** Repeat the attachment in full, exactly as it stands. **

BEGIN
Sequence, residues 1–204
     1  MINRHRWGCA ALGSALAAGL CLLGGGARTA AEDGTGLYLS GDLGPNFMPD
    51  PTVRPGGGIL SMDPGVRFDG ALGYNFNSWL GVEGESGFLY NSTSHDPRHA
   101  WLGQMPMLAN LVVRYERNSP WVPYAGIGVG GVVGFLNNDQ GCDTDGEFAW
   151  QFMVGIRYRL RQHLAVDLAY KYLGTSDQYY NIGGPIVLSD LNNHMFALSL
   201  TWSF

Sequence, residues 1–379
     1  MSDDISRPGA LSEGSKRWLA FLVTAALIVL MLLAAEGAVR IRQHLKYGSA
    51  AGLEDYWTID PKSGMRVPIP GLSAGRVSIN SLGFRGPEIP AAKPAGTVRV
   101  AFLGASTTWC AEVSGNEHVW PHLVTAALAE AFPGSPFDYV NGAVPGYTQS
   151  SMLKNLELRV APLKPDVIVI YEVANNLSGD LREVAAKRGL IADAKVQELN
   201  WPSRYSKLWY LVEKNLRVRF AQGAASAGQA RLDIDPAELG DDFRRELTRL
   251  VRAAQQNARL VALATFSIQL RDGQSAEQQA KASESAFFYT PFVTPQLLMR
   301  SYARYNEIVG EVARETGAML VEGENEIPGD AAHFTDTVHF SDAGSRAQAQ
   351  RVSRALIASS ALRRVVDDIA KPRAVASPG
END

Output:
Sequence, residues 1–204
     1  MINRHRWGCA ALGSALAAGL CLLGGGARTA AEDGTGLYLS GDLGPNFMPD
    51  PTVRPGGGIL SMDPGVRFDG ALGYNFNSWL GVEGESGFLY NSTSHDPRHA
   101  WLGQMPMLAN LVVRYERNSP WVPYAGIGVG GVVGFLNNDQ GCDTDGEFAW
   151  QFMVGIRYRL RQHLAVDLAY KYLGTSDQYY NIGGPIVLSD LNNHMFALSL
   201  TWSF

Sequence, residues 1–379
     1  MSDDISRPGA LSEGSKRWLA FLVTAALIVL MLLAAEGAVR IRQHLKYGSA
    51  AGLEDYWTID PKSGMRVPIP GLSAGRVSIN SLGFRGPEIP AAKPAGTVRV
   101  AFLGASTTWC AEVSGNEHVW PHLVTAALAE AFPGSPFDYV NGAVPGYTQS
   151  SMLKNLELRV APLKPDVIVI YEVANNLSGD LREVAAKRGL IADAKVQELN
   201  WPSRYSKLWY LVEKNLRVRF AQGAASAGQA RLDIDPAELG DDFRRELTRL
   251  VRAAQQNARL VALATFSIQL RDGQSAEQQA KASESAFFYT PFVTPQLLMR
   301  SYARYNEIVG EVARETGAML VEGENEIPGD AAHFTDTVHF SDAGSRAQAQ
   351  RVSRALIASS ALRRVVDDIA KPRAVASPG